By Jon Kurland
Here in Alaska, we live with some of the most incredible wildlife in the world. Wildlife viewing is part of what makes our corner of the planet so special and draws so many visitors to our state.
Living in the middle of wildlife habitat as we do in Alaska comes with responsibility—the responsibility for each of us to dwell among these special creatures in a manner that minimizes harmful encounters between humans and wildlife, and to educate others on how to do that as well.
This is especially true when it comes to marine mammals like whales and sea lions. All marine mammals are protected under the Marine Mammal Protection Act, and any species on the list of threatened or endangered species is additionally protected under the Endangered Species Act.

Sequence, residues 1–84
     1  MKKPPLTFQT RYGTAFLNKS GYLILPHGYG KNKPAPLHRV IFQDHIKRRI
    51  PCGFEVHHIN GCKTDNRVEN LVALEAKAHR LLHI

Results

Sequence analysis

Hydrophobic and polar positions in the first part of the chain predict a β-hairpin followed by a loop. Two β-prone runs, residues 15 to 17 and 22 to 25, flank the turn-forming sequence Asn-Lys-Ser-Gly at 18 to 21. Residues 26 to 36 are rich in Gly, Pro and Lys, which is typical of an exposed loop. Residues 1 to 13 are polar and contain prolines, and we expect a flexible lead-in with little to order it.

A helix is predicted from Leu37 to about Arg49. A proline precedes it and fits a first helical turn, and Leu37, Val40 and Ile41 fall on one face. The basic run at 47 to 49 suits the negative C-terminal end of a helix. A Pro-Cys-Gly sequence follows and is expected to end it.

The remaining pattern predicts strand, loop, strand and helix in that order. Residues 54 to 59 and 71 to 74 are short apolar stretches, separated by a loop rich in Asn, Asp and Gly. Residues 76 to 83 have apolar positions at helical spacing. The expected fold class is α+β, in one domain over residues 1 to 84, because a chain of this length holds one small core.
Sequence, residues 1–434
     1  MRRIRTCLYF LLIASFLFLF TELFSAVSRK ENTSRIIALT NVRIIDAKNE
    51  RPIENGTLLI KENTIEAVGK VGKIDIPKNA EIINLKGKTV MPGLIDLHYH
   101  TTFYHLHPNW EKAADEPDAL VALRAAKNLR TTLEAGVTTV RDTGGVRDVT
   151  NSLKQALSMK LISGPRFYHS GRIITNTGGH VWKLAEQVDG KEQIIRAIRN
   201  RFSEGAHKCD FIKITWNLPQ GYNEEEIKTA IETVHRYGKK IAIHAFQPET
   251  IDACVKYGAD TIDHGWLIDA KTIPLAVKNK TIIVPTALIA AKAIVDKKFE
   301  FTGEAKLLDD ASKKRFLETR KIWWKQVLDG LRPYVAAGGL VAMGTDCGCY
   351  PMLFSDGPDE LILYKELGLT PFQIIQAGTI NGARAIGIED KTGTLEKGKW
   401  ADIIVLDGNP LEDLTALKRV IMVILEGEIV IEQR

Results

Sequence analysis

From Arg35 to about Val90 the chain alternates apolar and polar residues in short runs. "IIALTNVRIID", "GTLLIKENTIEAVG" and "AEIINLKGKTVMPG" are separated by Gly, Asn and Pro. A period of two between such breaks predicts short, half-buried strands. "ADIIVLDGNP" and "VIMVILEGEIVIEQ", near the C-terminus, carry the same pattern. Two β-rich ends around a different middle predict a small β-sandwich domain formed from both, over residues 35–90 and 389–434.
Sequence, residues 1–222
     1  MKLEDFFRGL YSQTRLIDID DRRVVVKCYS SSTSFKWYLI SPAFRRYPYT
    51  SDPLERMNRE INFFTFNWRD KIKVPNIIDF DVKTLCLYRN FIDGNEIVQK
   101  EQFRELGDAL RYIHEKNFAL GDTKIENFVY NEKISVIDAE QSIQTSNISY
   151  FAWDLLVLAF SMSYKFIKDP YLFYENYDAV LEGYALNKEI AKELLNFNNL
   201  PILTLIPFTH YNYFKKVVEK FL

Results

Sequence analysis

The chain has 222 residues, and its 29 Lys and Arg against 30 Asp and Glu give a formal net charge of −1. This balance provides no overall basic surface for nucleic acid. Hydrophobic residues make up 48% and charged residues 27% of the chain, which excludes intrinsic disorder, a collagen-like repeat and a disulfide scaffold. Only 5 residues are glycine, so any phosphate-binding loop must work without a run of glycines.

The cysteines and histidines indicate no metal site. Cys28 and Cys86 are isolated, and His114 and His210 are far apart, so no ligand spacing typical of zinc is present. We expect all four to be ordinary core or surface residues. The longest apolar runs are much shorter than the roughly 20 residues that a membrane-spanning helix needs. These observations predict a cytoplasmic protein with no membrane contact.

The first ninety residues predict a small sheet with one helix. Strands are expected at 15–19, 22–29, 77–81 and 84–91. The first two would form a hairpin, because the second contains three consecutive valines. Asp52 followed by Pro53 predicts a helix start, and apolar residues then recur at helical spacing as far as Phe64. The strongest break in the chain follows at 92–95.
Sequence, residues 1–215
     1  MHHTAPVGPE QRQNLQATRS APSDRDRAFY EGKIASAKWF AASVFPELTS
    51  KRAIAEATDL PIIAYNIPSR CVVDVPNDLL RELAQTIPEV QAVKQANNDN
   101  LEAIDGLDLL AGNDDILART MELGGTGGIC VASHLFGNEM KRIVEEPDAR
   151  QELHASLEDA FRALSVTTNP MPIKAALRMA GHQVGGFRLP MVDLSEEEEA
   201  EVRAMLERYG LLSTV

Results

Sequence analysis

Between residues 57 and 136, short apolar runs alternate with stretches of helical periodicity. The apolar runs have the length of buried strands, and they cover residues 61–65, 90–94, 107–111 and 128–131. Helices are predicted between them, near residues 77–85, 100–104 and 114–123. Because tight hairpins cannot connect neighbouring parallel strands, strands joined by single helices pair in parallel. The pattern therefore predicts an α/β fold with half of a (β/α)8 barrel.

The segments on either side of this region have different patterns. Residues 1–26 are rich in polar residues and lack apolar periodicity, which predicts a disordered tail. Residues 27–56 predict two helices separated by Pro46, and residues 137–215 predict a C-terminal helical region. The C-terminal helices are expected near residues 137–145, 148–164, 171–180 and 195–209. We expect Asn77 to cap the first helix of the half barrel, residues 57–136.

When it comes to encounters with marine mammals, not only could you be placing yourself and others in danger, you could be breaking the law as well—and that could result in a fine.
Several recent incidents in Southeast Alaska waters suggest that a reminder is in order to help keep marine mammals and people safe from one another. Unfortunately, NOAA Fisheries has received reports this summer of commercial and recreational boats crowding whales, people feeding sea lions, and even a report of people intentionally approaching feeding whales on stand-up paddleboards. Such behavior can be extremely dangerous for humans and marine mammals alike.
We at NOAA Fisheries Alaska Region encourage you to observe our marine mammal viewing Code of Conduct for your own well-being, and for that of marine mammals: More....